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Curaçao joined Quota International’s network in 1987.
Curaçao is the home of Quota International of Curaçao.


Many theories have been posited about the origins of the name Curaçao. The most common theory is that because of the shape of the island, it was named “Corazón” which means “heart” in Spanish. It was later changed to “Curaçao” after the Portuguese word for heart, “coração.”


Courtesy of The General Libraries, The University of Texas at Austin.

Located just off the Venezuelan coast in the Caribbean Sea, Curaçao is one of five islands in the Netherlands Antilles. Within the population of over 140 million, there are over 50 nationalities represented on the 171 square mile (444 square kilometer) island. Most of the people on Curaçao speak the native language, Papiamentu, which is a Creole dialect. Other commonly spoken languages are Dutch, Spanish, and English.

Curaçao was discovered in 1499 by Spanish Lieutenant Alonso de Ojeda. There he was met by the indigenous Arawak population on the island. The majority of the Arawak people were then exported to other Spanish colonies. The Dutch took over Curaçao in 1634 and named port Willemstad as the capital city. In the late 1600s Curaçao became one of the largest slave depots in the Caribbean, bringing the island much wealth.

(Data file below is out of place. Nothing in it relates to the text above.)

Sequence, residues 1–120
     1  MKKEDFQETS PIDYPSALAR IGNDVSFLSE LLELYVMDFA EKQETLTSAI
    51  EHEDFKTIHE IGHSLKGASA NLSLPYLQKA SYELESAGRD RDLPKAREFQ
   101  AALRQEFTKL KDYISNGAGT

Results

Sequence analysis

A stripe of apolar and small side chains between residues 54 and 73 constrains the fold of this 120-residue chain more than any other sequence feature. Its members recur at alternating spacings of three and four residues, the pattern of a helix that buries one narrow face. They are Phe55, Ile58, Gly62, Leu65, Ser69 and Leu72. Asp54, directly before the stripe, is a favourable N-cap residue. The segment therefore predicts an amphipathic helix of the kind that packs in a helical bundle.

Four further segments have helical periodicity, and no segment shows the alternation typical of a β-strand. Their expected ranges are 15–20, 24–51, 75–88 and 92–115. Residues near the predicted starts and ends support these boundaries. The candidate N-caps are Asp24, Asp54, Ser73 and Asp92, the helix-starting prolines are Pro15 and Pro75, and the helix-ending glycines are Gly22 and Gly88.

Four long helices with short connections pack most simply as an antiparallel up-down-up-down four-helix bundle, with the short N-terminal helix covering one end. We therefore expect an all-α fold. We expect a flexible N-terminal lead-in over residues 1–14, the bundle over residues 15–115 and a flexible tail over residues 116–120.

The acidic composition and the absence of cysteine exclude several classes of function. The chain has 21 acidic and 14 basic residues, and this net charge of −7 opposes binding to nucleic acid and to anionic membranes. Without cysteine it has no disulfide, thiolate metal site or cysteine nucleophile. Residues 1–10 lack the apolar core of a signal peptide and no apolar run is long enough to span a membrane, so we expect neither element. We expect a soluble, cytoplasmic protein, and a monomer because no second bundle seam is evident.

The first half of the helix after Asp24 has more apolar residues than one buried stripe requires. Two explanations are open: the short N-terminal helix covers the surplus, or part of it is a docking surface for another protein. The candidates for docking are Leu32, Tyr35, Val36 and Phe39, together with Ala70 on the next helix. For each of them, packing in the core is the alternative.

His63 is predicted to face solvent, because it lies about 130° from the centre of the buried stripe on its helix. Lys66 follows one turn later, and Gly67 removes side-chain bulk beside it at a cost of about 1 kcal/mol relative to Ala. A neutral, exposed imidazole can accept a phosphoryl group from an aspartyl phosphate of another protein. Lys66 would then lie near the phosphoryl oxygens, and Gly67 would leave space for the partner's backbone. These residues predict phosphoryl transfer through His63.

When slavery was abolished by the Dutch in 1863, the economy of Curaçao suffered immensely. Curaçao’s economy turned back around, though, in 1914 when oil was found in Venezuela, and Curaçao became a site for an oil refinery. The refinery was sold in the 1980s, and currently the island is working on expanding and promoting its tourism industry. Curaçao was recently named one of the top 10 travel destinations. Its capital, Willemstad, is now a port full of high-end restaurants, stores, and night clubs.

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